The detection of polyps may be based on two volumetric rotation-invariant shape features: a shape index (SI) and a curvedness (CV). The SI characterizes a topologic 3-D shape of a local iso-intensity surface patch in the vicinity of a voxel, and the CV characterizes the flatness of the shape indicated by the SI. Polyp candidates are detected by the application of hysteresis thresholding of the SI and CV features. The complete regions of the detected polyp candidates are extracted by use of conditional morphologic dilation. False positives (“FP”) are reduced by applying a Bayesian neural network (BNN), based on shape and texture features calculated from the regions of polyp candidates. The final output of the CAD scheme is determined based on a decision surface generated by the BNN. All of these steps can be fully automated.

ADC, ADM and lumen tracking, or any combination thereof, may be used as preprocessing steps for automatic polyp detection. FIG. 8 is a flowchart of one embodiment of an automated polyp detection method, although the order of colonic extraction and the adaptive density mapping may be reversed. Furthermore, the disclosed methods and systems may be used in combination or separately.

A system for implementing the above-described lumen tracking may be implemented by a computer executing instructions stored in a memory. Input data, such as CT values of voxels in a CT scan of a human being, can be provided from a CT system to the above-described computer, or the above-described computer can be integrated into the CT system. In common practice, CT data is received from a CT system and stored in a picture archiving and communication system (PACS). This data can be used by the above-described computer to perform lumen tracking, such as in a preprocessing step prior to CAD.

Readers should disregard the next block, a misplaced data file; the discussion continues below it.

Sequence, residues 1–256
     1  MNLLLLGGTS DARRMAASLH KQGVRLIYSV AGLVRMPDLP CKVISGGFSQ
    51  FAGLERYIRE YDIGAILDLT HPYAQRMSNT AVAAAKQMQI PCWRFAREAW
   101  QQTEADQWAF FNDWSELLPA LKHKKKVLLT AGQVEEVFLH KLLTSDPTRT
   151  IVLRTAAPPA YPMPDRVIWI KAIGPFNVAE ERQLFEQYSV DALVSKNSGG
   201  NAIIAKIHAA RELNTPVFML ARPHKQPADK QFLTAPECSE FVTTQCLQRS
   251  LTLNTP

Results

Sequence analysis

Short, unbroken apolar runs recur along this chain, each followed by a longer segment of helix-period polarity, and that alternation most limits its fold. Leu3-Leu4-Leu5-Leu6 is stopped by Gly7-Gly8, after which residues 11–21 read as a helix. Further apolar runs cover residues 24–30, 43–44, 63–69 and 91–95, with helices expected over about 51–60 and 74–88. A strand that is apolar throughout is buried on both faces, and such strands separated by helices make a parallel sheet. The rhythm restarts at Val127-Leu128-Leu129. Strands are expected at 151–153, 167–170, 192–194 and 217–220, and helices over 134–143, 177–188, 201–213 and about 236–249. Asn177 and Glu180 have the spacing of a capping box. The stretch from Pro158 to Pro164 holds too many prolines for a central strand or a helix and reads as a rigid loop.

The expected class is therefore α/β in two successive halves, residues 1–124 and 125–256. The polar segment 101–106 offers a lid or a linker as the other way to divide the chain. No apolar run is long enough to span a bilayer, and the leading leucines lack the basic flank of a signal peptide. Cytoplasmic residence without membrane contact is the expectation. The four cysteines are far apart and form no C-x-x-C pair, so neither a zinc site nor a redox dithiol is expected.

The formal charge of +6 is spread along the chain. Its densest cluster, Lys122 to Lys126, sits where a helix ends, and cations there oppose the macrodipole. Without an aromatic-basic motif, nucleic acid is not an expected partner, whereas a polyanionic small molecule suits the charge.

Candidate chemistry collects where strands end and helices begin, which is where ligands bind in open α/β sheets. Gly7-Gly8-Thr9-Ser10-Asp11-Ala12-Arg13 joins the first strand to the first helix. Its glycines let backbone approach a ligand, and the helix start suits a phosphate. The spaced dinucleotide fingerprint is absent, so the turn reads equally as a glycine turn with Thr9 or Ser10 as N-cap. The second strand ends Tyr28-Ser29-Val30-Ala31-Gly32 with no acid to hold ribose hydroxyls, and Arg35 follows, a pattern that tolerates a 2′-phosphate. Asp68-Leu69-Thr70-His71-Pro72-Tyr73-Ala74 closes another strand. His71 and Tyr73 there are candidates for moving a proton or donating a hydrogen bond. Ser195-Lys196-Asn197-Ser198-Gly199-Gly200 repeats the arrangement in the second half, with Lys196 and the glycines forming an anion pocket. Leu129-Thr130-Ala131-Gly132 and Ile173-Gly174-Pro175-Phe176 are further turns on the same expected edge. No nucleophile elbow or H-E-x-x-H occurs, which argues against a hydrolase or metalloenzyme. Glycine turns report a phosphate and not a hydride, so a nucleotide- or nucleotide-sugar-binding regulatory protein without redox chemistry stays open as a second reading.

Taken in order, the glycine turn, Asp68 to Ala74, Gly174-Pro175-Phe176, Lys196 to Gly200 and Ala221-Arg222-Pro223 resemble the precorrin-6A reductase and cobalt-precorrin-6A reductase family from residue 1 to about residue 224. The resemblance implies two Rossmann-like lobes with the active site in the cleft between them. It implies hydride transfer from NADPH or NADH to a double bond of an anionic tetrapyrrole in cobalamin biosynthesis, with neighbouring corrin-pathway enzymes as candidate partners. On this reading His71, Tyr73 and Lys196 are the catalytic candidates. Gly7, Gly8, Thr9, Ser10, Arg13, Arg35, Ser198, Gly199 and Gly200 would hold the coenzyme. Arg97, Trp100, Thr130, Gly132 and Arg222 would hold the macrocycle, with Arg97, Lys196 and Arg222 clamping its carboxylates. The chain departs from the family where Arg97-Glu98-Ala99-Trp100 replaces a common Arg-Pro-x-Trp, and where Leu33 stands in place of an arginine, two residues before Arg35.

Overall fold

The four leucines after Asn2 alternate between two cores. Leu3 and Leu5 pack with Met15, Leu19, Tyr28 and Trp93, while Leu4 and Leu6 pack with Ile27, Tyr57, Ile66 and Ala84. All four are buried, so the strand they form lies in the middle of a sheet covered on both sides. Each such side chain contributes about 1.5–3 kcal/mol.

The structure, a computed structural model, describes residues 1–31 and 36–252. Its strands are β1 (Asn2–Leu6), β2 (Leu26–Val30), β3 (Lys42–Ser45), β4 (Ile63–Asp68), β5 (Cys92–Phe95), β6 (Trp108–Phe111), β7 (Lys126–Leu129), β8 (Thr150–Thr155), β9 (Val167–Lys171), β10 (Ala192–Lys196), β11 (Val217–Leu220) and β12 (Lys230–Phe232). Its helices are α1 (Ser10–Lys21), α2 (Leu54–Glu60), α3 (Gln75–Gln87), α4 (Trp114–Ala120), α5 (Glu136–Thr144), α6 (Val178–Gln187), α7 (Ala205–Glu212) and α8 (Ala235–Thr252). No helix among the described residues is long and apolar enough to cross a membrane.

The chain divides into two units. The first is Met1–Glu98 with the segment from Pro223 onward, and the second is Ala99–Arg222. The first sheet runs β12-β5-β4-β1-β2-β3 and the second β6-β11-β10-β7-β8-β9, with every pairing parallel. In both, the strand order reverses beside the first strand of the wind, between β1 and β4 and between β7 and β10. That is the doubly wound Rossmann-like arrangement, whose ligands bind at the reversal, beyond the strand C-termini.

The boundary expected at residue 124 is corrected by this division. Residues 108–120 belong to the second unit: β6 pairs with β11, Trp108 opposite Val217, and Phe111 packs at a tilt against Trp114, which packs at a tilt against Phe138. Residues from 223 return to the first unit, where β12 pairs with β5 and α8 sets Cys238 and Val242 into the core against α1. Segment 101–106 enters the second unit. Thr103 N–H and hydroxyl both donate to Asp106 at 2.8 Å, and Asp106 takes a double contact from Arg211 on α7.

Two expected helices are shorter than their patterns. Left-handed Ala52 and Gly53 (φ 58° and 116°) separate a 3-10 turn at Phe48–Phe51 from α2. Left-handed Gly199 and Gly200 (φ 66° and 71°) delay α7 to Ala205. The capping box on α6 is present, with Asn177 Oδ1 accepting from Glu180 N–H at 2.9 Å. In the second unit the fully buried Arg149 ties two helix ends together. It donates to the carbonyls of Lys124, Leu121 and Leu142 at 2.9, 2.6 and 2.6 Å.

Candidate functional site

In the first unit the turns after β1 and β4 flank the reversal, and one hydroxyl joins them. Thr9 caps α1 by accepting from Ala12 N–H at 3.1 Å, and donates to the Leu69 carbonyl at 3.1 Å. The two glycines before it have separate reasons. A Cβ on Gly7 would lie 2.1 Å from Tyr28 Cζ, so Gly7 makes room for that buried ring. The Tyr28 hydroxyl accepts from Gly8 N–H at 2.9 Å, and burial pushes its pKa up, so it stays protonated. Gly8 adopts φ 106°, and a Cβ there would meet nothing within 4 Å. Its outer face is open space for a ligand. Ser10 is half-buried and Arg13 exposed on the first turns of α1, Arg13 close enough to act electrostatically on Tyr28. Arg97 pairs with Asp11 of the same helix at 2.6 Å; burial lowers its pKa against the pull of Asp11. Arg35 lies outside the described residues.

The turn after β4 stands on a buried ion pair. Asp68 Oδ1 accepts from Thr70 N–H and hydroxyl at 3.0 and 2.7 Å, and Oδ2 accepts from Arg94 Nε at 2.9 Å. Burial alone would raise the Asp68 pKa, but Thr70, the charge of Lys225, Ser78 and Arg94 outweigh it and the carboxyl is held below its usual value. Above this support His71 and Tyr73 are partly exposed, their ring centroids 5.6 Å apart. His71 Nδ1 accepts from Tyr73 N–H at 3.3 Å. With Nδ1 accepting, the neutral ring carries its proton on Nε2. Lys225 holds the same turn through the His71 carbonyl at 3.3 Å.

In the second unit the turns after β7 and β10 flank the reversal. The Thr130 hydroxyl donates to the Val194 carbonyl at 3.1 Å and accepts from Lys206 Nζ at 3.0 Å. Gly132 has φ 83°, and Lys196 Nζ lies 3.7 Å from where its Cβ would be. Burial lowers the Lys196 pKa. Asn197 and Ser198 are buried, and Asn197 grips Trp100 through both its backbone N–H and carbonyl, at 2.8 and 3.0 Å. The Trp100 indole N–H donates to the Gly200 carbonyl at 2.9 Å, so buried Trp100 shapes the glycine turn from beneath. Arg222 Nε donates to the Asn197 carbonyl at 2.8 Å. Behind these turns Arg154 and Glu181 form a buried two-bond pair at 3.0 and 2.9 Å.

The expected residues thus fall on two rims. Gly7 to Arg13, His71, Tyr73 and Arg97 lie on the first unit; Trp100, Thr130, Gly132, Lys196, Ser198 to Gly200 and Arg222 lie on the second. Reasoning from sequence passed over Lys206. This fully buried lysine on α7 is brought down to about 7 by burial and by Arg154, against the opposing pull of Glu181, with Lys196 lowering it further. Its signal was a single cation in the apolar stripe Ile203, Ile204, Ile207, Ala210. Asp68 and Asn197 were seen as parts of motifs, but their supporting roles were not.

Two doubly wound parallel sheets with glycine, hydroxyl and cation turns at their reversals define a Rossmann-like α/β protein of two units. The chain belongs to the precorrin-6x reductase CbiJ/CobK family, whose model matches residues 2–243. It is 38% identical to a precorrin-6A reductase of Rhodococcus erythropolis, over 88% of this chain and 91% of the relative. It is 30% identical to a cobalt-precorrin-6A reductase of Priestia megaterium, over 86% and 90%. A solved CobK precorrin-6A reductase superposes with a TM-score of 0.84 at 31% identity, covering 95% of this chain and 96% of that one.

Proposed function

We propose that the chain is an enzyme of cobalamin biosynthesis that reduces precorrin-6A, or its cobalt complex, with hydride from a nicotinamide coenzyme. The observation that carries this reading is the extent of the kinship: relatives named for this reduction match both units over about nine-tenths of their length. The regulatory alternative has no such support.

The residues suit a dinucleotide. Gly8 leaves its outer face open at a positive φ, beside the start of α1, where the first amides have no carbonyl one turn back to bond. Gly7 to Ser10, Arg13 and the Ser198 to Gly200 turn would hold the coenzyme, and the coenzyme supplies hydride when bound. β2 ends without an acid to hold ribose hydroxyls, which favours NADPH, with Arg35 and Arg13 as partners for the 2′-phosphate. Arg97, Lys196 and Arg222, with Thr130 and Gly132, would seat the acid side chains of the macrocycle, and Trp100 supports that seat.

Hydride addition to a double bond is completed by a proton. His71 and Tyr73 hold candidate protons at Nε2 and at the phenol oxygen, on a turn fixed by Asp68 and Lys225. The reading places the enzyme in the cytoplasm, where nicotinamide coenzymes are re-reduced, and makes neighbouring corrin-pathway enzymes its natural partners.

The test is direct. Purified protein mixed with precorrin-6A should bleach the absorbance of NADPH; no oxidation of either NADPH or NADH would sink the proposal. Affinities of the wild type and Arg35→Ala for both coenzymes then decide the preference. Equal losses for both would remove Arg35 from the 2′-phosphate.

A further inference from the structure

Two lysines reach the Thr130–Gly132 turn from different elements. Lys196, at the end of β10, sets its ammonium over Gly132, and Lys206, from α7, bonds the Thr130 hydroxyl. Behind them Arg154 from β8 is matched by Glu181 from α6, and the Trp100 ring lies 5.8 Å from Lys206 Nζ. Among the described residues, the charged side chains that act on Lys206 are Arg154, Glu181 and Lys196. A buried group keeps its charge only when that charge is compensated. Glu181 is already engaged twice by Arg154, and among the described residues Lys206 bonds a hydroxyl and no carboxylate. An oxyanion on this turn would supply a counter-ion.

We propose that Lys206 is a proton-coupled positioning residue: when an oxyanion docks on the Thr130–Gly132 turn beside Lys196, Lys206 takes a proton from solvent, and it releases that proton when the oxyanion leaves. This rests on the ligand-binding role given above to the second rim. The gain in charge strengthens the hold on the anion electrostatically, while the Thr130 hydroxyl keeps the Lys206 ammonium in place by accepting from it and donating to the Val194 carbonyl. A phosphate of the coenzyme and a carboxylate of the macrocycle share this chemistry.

Some of the functions performed by the lumen tracking system and method have been described with reference to flowcharts. Those skilled in the art should readily appreciate that functions, operations, decisions, etc. of all or a portion of each block, or a combination of blocks, of the flowcharts can be implemented as computer program instructions, software, hardware, firmware or combinations thereof. Those skilled in the art should also readily appreciate that instructions or programs defining the functions of the present invention can be delivered to a processor in many forms, including, but not limited to, information permanently stored on non-writable storage media (e.g. read only memory devices within a computer, such as ROM, or devices readable by a computer I/O attachment, such as CD-ROM disks), information alterably stored on writable storage media (e.g. floppy disks and hard drives) or information conveyed to a computer through communication media, including computer networks. In addition, while the invention may be embodied in software, the functions necessary to implement the invention may alternatively be embodied in part or in whole using firmware and/or hardware components, such as combinatorial logic, Application Specific Integrated Circuits (ASICs), Field-Programmable Gate Arrays (FPGAs) or other hardware or some combination of hardware, software and/or firmware components.

While the invention is described through the above-described exemplary embodiments, it will be understood by those of ordinary skill in the art that modifications to, and variations of, the illustrated embodiments may be made without departing from the inventive concepts disclosed herein. Moreover, while the preferred embodiments are described in connection with CT data, one skilled in the art will recognize that the system may be embodied using data from a variety of image systems, such as magnetic resonance imaging (MRI), X-ray, ultrasound and the like. Furthermore, subsets, combinations and subcombinations of the described systems and methods can be used alone or with other systems. Accordingly, the invention should not be viewed as limited, except by the scope and spirit of the appended claims.

Classifications
U.S. Classification382/128
International ClassificationG06K9/00
Cooperative ClassificationG06T2207/30028, G06K2209/05, G06T2207/10081, G06T5/008, G06K9/00, G06T2207/30032, G06T2207/20148, G06T2207/20012
European ClassificationG06T5/00D, G06K9/00
Legal Events
DateCodeEventDescription
Jul 8, 2010ASAssignment
Owner name: THE GENERAL HOSPITAL CORPORATION, MASSACHUSETTS
Free format text: ASSIGNMENT OF ASSIGNORS INTEREST;ASSIGNORS:YOSHIDA, HIROYUKI;NAPPI, JANNE;ZALIS, MICHAEL E.;AND OTHERS;REEL/FRAME:024653/0132
Effective date: 20070206